In the land of Sinatra and Dylan
In the early days of The Blue Moment, I published a poem called “The Cool School”. Roy Kelly, the poet in question, wrote this new one in San Francisco last summer, several months before the announcement that, on February 2, Bob Dylan will release an album of songs associated with Frank Sinatra, called Shadows in the Night, previewed on bobdylan.com by a version of “Full Moon and Empty Arms”.
AT THE END OF AMERICA
By Roy Kelly
At the end of America looking west
and thinking east, surrounded by
the sadness of leaving, thinking of voices
under the vastness of the endless sky
that rolls back across days and nights,
successions of darkness and light, so strange
and so ordinary, all the hours and miles to home.
And here fallen cloud like a gorgeous mountain range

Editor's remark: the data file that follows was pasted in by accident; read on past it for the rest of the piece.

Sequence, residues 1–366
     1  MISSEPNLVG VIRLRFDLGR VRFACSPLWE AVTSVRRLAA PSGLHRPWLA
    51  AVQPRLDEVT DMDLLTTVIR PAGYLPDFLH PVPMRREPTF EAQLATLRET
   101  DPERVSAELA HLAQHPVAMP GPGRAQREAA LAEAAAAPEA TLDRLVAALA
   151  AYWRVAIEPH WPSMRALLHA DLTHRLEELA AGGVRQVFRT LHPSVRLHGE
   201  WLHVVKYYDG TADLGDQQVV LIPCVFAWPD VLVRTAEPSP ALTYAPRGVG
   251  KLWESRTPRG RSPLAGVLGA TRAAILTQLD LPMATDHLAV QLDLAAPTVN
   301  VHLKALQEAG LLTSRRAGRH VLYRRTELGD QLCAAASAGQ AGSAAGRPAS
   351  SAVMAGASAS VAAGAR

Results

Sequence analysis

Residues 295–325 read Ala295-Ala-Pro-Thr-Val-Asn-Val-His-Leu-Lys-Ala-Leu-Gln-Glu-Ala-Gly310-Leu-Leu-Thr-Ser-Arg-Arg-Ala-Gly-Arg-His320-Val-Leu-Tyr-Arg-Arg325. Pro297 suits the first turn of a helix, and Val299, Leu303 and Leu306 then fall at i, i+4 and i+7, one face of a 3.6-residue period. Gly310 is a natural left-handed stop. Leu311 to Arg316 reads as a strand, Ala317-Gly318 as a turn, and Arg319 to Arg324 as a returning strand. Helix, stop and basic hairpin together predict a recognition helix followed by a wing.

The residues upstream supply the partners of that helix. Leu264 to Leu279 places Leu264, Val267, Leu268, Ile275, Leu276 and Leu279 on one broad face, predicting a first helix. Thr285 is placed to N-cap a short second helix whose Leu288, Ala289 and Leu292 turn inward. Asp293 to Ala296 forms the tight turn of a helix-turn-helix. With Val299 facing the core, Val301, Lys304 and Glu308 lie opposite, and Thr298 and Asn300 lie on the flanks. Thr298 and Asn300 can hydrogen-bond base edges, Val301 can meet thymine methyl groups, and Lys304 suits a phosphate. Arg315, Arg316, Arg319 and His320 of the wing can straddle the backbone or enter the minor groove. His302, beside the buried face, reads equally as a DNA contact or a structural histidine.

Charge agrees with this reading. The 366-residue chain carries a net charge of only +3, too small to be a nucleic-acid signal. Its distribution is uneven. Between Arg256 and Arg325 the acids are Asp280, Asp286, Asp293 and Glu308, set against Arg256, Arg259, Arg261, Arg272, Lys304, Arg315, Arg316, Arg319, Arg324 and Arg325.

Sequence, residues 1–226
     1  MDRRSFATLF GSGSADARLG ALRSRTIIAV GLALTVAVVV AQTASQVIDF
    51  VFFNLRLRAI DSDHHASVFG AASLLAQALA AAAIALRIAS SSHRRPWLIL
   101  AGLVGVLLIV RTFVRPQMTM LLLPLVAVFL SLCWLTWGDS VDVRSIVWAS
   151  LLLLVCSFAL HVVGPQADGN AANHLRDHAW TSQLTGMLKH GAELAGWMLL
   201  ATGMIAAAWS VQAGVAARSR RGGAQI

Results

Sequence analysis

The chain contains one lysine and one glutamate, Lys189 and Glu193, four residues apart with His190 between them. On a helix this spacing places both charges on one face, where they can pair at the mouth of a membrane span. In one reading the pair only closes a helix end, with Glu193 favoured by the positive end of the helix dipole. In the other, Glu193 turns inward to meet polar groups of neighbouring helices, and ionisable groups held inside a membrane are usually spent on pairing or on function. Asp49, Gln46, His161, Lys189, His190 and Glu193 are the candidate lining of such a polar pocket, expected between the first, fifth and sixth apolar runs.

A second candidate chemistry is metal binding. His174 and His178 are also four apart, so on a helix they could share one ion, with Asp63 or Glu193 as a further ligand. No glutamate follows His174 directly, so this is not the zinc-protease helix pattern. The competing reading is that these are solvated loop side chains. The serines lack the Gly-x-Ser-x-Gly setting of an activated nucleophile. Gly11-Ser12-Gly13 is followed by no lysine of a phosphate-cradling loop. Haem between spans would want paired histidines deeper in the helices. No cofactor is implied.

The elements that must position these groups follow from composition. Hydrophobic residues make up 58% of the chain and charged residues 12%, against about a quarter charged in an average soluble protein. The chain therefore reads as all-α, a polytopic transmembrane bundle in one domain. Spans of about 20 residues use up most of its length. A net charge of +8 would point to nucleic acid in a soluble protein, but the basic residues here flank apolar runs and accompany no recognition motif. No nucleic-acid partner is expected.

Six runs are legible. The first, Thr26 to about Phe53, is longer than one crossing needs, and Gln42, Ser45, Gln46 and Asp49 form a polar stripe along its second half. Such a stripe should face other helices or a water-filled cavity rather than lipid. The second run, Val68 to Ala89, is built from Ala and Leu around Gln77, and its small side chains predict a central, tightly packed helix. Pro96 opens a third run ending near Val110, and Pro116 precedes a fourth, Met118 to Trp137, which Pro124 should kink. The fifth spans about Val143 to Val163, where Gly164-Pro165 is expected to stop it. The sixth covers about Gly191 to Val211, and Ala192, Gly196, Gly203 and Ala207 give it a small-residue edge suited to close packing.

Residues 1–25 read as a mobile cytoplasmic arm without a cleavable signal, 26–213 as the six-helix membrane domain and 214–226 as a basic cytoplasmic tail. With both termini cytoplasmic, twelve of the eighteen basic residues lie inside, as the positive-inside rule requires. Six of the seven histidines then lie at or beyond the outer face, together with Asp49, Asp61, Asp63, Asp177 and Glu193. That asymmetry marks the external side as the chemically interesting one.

rearing and roiling on top of this one, its lower
reaches of plump softness already flowing
white and thin, dispersed and sparse down
gullies and ravines as we contemplate going,
brooding and musing on a world already gone,
and this one, always coming to pass,
the radio voices always alive in the whenever moment
of listening, even if high school class
was where they entered your heart and soul.
And now someone with silver hair
looks back from every reflective surface,
leaving you wondering how he arrived there.
Looking west and east, imagining those voices
that began with actual people and are now a myth
that conjures a country and time, the emotional history
of every age their records grew up with:
Bob Dylan and Frank Sinatra, soundings from a cloud
that covers the waterfront of this and last century,
every past and every future in polar voices
that blow in the wind that comes to fly with me
at the end of America, looking forward
and back, remembering love’s strange rights and wrongs,
insignificant and wonderful under a continental sky,
and the blessed ordinary magic of songs.